Growing leeks hydroponically is a totally different operation—for a start, the time in the nursery is greatly extended in order to produce a larger and taller plant, while the time from transplanting to harvest is significantly reduced.

The Research and Methodology to Growing Leeks

Experience in The Netherlands suggests that from sowing to planting out averages 87 days, while the time from transplanting to harvest averages only 48 days, except during the winter months. Leeks grow much faster in a hydroponic system than in the soil, probably because the nutrition and watering they receive are so much superior to what they get in a soil-based system.

There is still a considerable way to go until the best methodology for producing hydroponic leeks is determined. For example, there is some debate regarding the most effective method for growing the seedling transplants—should they be produced in rockwool, or some other media?

Certainly they need to be grown at high density in order to get a good stem length prior to transplanting, but how can this best be achieved? There is also some doubt concerning the most efficient hydroponic system to use for growing the plants to maturity—clearly it must be a soilless (and medium-free) system, but whether this should be a deep-flow or an NFT system has yet to be determined.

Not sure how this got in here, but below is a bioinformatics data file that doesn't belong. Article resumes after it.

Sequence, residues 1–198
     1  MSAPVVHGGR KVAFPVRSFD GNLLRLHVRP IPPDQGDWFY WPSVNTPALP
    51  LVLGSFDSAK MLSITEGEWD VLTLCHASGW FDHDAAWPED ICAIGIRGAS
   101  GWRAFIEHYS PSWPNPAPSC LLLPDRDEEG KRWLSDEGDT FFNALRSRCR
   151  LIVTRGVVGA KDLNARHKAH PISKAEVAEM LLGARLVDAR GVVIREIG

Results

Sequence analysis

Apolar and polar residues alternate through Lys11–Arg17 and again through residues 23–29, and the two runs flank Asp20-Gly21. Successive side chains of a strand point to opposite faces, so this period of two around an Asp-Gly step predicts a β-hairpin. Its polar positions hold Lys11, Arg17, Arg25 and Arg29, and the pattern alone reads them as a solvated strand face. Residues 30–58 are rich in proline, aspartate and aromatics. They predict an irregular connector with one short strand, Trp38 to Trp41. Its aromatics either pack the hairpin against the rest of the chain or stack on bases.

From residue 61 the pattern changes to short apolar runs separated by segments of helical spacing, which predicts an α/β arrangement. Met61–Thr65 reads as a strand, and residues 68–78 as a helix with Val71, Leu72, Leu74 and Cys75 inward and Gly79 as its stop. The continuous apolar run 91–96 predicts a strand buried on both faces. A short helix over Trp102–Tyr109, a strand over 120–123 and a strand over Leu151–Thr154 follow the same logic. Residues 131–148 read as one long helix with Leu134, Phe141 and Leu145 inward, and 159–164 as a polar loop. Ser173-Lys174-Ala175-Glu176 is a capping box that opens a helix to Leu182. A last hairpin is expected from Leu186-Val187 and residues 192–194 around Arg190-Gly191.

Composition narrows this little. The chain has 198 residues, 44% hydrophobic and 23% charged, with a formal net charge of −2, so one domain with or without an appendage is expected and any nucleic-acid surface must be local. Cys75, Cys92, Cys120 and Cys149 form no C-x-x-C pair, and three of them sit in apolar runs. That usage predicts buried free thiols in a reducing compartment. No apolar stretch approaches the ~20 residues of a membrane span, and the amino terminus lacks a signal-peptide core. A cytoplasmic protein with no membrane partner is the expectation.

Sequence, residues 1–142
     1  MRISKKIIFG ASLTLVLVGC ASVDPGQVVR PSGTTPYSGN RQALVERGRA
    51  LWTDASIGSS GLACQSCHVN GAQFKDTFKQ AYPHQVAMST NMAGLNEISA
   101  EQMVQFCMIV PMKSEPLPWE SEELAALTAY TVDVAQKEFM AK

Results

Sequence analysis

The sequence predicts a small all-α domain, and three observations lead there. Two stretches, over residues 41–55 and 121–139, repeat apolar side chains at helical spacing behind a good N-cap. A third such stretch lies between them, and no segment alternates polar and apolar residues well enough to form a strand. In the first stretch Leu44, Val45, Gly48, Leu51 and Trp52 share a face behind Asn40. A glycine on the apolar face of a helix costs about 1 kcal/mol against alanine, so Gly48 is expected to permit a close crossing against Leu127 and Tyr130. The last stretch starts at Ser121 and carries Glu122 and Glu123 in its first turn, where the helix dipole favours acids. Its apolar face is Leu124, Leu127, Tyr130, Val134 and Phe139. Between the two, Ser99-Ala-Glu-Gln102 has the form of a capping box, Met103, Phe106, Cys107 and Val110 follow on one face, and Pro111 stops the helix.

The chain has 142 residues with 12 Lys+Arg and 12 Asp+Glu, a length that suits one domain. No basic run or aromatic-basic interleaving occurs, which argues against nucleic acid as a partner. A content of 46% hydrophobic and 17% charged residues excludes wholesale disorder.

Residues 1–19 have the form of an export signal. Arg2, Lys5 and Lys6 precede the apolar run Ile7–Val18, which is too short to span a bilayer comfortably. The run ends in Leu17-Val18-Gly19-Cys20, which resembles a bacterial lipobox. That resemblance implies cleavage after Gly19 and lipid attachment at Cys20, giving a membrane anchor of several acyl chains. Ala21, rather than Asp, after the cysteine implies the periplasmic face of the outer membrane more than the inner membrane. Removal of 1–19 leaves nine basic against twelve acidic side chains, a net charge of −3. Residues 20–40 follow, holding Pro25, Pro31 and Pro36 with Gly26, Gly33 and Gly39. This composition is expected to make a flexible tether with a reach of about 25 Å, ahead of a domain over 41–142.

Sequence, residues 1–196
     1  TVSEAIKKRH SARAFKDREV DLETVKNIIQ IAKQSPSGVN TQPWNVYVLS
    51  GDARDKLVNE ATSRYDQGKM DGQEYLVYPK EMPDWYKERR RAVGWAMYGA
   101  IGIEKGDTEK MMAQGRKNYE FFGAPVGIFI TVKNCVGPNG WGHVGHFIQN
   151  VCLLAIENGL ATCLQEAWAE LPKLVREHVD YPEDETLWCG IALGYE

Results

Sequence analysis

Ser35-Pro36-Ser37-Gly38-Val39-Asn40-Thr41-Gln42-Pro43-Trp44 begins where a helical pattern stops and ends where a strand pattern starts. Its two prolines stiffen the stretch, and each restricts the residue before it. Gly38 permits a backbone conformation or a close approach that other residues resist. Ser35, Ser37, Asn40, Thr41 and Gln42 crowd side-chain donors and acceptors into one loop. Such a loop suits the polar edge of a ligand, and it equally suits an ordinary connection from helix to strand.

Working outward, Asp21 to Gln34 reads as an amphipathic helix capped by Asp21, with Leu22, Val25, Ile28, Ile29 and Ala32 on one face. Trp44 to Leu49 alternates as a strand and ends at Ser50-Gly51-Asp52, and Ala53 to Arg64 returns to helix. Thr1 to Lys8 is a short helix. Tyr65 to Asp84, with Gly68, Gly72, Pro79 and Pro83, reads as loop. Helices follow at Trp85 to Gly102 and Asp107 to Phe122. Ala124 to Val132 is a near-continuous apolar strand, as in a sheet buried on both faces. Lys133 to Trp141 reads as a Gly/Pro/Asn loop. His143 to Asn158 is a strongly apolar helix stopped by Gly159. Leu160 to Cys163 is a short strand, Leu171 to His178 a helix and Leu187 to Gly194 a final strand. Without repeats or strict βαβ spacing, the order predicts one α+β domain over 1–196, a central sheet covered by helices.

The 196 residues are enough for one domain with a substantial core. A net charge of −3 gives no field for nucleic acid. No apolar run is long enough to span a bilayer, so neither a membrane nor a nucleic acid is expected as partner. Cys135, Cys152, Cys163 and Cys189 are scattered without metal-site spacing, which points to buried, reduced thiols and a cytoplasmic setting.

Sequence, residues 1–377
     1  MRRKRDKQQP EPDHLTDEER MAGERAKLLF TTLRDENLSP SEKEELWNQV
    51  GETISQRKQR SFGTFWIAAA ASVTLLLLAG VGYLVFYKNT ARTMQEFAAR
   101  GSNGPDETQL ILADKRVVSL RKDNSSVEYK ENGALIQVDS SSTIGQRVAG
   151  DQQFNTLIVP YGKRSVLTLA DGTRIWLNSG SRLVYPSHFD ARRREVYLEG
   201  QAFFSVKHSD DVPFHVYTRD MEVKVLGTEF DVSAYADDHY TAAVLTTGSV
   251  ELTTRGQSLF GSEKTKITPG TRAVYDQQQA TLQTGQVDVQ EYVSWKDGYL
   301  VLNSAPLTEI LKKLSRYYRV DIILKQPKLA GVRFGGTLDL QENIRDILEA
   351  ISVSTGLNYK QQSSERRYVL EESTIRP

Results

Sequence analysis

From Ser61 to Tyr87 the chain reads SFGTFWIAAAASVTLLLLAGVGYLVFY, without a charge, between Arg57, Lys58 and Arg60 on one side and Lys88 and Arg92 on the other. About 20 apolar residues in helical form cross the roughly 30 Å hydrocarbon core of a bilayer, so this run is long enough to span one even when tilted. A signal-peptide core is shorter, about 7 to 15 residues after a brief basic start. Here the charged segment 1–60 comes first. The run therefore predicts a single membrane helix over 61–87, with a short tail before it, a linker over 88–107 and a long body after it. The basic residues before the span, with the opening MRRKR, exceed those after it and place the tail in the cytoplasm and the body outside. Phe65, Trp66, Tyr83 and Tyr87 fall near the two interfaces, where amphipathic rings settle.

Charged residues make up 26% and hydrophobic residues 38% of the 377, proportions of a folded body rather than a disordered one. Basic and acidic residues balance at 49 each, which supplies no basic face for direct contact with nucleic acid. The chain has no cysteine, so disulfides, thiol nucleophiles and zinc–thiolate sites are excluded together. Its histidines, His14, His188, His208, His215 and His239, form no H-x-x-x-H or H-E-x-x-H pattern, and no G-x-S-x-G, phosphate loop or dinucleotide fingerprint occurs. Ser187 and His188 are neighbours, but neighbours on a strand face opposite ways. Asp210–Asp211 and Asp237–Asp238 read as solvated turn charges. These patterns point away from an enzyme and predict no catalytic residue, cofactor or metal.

What is clear, however, is that the plants should be placed in eight-inch long pipes (to obtain a blanched stem) and that the pipes should be held in place by the NFT or the deep-flow cover.

Of course productivity is the name of the game and because it is no longer required to mold up the leeks they can be grown much closer together between the rows. In fact, there appears to be no reduction in yield per plant up to a density of 10 plants per square foot, which gives us in some 40 days a yield of close to 80 t/ha.

This compares more than favorably with the 30 to 40 t/ha achieved in the field in a year, with the added advantage that harvesting simply involves pulling a nice clean leek plant from the hydroponic system, cutting off the roots and top and possibly peeling off one or two leaves.

The question in my mind is: do we need to grow this crop outside, or would it be better to grow it year-round in a greenhouse?

If we are able to grow an 80 t/ha crop in 40 days in the field, then presumably we should be able to produce a similar yield in a slightly shorter time in a greenhouse—so it should not be impossible to achieve 10 or even 12 crops per year using such a system.

At 80 t/ha from each cycle, we would be looking at something in the region of an amazing 900 to 1,000 t/ha of quality leeks per year.


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Written by Dr. Mike Nichols

Profile Picture of Dr. Mike Nichols
Dr. Mike Nichols is a retired university lecturer and is currently an honorary research associate in the College of Sciences at Massey University, New Zealand. He speaks extensively at conferences for international organizations such as the United Nations, and also writes and consults on a range of intensive horticultural topics. His research interests include plant factories, year-round production of berry fruit, hydroponics and greenhouse melon production.